This topic is for paid for discussions. Please mail us at insight@mumsnet.com if you'd like to know more about how they work.

Talk to EE about keeping your children safe online – HTC One handset up for grabs NOW CLOSED

(90 Posts)
KatieBMumsnet (MNHQ) Mon 18-Nov-13 16:35:31

EE would like to know how Mumsnetters go about keeping their DCs safe online.

Here’s what EE have to say, “Like many things, digital living comes with certain risks if used inappropriately and it’s good to be aware of these risks. It's just as important to keep your child safe on their phone or computer, as it is in the 'real world'. We know our children are often ahead of us when it comes to tech knowledge. We aim to help you understand the issues so you can support them. That’s why we’ve got simple tips and advice that are easy to implement, so you can help your child enjoy using the internet and be safe at the same time.”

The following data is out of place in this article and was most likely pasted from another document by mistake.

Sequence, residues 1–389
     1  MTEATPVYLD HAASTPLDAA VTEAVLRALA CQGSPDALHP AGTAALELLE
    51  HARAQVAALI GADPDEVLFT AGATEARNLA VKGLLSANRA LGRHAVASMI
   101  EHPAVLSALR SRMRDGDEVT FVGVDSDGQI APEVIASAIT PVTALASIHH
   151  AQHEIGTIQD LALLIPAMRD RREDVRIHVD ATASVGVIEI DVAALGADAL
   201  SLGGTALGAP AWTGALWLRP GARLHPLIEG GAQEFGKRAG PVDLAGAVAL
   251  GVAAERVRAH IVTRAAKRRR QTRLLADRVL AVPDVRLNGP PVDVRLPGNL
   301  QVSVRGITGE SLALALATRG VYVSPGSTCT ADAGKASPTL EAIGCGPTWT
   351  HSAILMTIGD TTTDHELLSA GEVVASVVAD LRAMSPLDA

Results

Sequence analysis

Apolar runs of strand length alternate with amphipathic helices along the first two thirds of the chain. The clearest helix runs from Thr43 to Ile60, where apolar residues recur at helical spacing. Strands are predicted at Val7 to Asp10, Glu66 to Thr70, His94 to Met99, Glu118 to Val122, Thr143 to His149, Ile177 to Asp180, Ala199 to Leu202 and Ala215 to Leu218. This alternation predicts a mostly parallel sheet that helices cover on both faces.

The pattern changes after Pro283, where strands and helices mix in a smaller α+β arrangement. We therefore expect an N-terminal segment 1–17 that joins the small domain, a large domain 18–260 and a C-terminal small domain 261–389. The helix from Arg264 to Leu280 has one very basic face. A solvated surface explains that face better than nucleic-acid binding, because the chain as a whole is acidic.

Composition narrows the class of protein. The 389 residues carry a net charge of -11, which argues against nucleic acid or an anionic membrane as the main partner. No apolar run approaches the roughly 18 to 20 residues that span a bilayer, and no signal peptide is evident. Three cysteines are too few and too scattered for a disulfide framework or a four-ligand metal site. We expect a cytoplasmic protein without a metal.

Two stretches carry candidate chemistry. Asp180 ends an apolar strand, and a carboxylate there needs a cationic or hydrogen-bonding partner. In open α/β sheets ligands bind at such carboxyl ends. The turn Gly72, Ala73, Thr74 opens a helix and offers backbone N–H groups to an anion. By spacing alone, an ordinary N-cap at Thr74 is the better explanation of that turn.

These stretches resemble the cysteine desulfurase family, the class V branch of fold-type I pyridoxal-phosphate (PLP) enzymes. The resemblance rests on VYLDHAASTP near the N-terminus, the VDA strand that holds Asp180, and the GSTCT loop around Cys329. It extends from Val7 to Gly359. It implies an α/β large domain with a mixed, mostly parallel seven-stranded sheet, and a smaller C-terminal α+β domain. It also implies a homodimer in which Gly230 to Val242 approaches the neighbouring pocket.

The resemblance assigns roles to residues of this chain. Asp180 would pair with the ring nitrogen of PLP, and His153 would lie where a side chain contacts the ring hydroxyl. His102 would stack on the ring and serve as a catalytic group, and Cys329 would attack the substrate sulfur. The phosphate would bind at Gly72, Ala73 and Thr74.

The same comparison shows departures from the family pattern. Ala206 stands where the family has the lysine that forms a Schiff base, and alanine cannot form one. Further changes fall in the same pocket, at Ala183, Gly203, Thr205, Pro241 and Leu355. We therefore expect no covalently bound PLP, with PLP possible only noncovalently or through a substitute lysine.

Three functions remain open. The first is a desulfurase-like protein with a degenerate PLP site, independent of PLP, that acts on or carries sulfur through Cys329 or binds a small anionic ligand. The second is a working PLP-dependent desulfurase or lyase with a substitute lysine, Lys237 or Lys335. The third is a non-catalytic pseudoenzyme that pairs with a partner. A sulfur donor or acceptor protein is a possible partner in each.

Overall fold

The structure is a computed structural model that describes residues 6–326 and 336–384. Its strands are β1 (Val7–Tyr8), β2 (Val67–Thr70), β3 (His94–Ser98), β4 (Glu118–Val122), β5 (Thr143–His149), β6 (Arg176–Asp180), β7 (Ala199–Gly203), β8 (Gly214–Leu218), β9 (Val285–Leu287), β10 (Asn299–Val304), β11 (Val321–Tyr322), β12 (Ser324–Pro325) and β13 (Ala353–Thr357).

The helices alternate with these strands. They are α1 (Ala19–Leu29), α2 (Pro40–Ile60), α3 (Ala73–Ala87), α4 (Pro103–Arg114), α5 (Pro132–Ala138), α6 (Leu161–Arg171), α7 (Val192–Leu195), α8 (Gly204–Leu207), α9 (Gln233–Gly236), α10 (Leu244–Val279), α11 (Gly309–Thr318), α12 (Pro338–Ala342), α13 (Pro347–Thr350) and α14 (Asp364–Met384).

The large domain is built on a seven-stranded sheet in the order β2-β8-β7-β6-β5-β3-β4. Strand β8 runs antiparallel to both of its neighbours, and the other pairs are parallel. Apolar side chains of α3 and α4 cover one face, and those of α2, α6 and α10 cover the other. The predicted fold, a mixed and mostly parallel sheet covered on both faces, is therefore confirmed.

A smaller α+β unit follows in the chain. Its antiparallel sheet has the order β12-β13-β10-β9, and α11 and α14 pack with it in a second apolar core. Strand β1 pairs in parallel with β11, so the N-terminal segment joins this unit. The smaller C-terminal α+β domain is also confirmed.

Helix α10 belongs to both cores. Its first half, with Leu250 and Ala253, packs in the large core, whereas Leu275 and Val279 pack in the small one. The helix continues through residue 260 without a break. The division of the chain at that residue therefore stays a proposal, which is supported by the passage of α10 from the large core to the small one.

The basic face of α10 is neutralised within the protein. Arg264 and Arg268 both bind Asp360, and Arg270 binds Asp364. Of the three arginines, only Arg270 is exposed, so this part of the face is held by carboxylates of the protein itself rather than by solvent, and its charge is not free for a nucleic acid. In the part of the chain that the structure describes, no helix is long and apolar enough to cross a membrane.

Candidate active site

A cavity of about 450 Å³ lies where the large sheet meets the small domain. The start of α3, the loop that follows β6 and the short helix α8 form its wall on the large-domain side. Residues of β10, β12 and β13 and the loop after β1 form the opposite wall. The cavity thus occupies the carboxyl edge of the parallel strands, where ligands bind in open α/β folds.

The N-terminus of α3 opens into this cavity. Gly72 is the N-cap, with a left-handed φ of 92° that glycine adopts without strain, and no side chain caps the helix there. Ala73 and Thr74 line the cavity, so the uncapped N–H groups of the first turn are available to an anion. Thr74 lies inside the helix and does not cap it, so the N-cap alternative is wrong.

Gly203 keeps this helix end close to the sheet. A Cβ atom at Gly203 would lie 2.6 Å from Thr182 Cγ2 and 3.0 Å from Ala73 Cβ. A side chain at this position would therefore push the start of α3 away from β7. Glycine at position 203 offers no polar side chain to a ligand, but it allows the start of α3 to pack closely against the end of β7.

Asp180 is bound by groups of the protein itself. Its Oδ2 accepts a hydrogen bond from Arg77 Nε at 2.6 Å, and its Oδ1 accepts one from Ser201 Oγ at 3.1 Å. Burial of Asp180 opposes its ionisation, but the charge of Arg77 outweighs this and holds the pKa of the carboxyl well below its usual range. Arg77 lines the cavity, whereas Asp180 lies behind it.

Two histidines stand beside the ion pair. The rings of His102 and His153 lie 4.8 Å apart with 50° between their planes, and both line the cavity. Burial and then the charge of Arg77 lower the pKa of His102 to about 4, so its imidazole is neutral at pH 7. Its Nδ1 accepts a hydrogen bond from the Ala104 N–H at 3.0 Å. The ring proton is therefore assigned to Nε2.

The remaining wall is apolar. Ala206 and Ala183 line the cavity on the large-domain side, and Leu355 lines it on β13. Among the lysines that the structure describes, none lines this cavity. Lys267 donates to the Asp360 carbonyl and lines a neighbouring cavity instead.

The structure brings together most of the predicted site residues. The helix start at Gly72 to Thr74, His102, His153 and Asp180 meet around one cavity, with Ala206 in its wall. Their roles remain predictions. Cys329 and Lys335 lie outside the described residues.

So, what do you know and do in the way of internet safety? Do you have parental controls installed on electronic devices at home? Or maybe you try to ensure that your younger children are supervised when browsing the web? What kind of online content do you try to monitor? Do you struggle to know what to do to keep your DCs safe online? Whatever your stance is on online safety, we’d love to hear about it!

Everyone who adds their thoughts to this thread will be entered into a prize draw to win a HTC One handset. For full T&Cs please click here.

Please note your comments may be used (anonymously of course) on EE's pages on MN, social media channels and possibly elsewhere.

Thanks and good luck,